Psychology of Memorialization
Famous People Memorialized
Small Town Memorials
The Last Wish
Memorializing a Veteran
Famous Memorial Buildings
Click here for Memorials and to Memorialize
To be memorialized is a universal need – both from the perspective of the person who is memorialized to that of those who do the memorializing. And while it was once reserved almost exclusively for the highest classes in any society, memorialization has now risen almost to the level of a basic human right for all people It is often said, for example, that one of the great tragedies of the German Holocaust is that a huge percentage of its victims were disposed of in mass graves or mass crematories – without the benefit of a permanent, individual memorial. Today, especially in the world’s most advanced countries, nearly every human can expect to be permanently memorialized with some sort of specially designed structure – even if just a headstone – tailored specifically as a tribute to his or her life. This is in keeping with two basic human needs, the desire to remember, and to be remembered.
One of the first pieces of advice that psychologists and other mental health experts give to those who have suffered the loss of a loved-one is to establish a permanent memorial. By having a special place to visit—complete with a special structure – a grieving person can achieve the peace of mind that comes from knowing that this special friend or relative will always be “nearby.” And this same comfort is often what entire societies are seeking when they create large-scale memorials for their most famous leaders or for people lost in a catastrophe such as a natural disaster or war. One of the most famous examples of this occurred in 2004 when, after years of guilt-ridden pleas from celebrities and politicians alike, the United States finally opened an official memorial to the thousands of Americans who fought and died in World War II. Likewise, the famous Vietnam Memorial Wall in Washington, D.C. gives each soldier who lost his or her life in the Vietnam War a specific spot in which the soldier’s name will forever be linked to the great conflict. In some cases in which a soldier’s body was never recovered from Vietnam, this wall still remains the only permanent memorial that the person has.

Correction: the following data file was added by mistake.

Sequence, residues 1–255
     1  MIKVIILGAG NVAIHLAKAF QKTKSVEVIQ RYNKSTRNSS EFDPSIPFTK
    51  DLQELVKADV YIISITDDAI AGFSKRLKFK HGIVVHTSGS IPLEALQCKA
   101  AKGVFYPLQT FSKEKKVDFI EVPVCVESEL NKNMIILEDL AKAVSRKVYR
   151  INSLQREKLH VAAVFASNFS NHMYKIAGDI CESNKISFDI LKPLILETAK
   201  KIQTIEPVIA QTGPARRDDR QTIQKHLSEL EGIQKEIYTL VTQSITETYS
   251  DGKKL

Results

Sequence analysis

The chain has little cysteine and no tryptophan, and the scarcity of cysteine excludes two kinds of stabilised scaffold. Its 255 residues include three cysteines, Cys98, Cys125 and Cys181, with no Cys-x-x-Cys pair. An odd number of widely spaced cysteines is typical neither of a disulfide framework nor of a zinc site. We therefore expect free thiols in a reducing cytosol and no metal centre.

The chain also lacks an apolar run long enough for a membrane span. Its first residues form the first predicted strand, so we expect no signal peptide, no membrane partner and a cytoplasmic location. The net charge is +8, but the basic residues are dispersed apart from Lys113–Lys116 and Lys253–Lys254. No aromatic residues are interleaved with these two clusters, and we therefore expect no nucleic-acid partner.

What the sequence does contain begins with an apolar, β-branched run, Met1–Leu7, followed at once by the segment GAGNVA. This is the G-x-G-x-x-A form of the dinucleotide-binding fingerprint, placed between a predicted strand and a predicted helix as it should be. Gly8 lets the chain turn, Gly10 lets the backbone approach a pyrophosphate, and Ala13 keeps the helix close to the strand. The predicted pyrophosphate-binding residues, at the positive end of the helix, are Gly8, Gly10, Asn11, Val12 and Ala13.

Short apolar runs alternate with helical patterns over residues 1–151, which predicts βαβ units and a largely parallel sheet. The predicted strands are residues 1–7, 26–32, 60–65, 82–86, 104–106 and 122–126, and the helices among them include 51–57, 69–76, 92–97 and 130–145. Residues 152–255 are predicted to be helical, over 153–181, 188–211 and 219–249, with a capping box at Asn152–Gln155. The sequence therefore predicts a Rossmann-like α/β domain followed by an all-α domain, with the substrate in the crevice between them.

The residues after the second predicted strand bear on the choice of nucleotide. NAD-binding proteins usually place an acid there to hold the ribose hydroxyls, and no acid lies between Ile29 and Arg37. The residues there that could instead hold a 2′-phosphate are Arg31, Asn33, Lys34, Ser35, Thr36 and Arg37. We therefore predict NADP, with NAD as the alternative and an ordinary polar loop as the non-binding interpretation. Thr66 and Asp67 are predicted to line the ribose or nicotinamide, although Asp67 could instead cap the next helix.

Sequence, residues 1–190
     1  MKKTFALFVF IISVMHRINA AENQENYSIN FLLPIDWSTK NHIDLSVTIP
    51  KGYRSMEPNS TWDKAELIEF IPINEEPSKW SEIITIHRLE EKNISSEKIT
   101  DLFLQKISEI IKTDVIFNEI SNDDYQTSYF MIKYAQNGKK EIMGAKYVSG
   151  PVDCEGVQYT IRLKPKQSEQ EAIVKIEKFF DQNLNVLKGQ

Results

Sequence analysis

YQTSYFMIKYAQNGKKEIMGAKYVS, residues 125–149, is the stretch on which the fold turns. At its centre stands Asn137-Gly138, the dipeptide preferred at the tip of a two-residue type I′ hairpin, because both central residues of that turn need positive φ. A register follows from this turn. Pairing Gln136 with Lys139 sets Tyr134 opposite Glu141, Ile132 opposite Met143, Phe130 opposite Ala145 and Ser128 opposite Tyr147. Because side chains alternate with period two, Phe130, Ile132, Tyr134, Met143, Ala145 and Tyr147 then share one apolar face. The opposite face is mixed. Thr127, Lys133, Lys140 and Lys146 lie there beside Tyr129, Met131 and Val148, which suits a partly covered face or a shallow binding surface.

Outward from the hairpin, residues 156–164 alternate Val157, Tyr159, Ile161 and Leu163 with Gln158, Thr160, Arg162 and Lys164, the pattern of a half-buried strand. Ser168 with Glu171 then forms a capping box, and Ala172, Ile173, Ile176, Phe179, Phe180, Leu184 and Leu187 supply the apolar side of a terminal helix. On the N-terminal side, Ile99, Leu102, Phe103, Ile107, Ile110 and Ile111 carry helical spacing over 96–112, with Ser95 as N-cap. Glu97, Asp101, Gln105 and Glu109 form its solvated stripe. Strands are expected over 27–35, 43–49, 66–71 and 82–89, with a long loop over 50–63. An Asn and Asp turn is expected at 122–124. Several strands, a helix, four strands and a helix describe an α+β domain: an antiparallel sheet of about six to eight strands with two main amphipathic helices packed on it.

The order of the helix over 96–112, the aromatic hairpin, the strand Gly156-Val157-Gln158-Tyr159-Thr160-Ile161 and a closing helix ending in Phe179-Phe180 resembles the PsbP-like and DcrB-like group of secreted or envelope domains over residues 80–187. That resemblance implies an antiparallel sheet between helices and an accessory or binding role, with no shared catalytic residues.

An interesting memorialization drive is currently underway in the United States: a growing group of people who were devoted to the late U.S. president Ronald Reagan have teamed up to convince developers of new public buildings to name their creations in honor of Reagan. The group’s goal is to establish at least one memorial building for Reagan in each American county and urban area. As a result of this effort, dozens of new “Ronald Reagan” schools, courthouses, parks, and even college dormitories are build and christened across America each year. As a result of this effort, which began well before Reagan died in 2004, devotees of other famous American leaders have begun similar campaigns. Perhaps most famous among these is a group working to build memorial buildings for former presidents Dwight Eisenhower.
Being memorialized means a person’s great deeds will live on forever. And that nearly everyone in the world – regardless of economic class – is entitled to this ultimate dignity is a great comfort for the living and the dead alike.